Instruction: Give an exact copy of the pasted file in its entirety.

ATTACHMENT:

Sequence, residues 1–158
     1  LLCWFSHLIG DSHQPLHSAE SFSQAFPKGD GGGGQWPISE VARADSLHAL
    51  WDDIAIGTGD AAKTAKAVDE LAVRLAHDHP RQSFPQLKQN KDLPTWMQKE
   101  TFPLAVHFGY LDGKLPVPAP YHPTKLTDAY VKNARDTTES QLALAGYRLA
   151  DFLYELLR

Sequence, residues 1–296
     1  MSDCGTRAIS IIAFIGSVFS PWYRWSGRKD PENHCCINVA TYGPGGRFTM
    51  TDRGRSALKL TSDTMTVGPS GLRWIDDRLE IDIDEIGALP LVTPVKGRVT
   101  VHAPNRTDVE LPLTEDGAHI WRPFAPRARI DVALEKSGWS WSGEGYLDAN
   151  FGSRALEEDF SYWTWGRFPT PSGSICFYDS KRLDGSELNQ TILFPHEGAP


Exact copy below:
Sequence, residues 1–158
     1  LLCWFSHLIG DSHQPLHSAE SFSQAFPKGD GGGGQWPISE VARADSLHAL
    51  WDDIAIGTGD AAKTAKAVDE LAVRLAHDHP RQSFPQLKQN KDLPTWMQKE
   101  TFPLAVHFGY LDGKLPVPAP YHPTKLTDAY VKNARDTTES QLALAGYRLA
   151  DFLYELLR

Sequence, residues 1–296
     1  MSDCGTRAIS IIAFIGSVFS PWYRWSGRKD PENHCCINVA TYGPGGRFTM
    51  TDRGRSALKL TSDTMTVGPS GLRWIDDRLE IDIDEIGALP LVTPVKGRVT
   101  VHAPNRTDVE LPLTEDGAHI WRPFAPRARI DVALEKSGWS WSGEGYLDAN
   151  FGSRALEEDF SYWTWGRFPT PSGSICFYDS KRLDGSELNQ TILFPHEGAP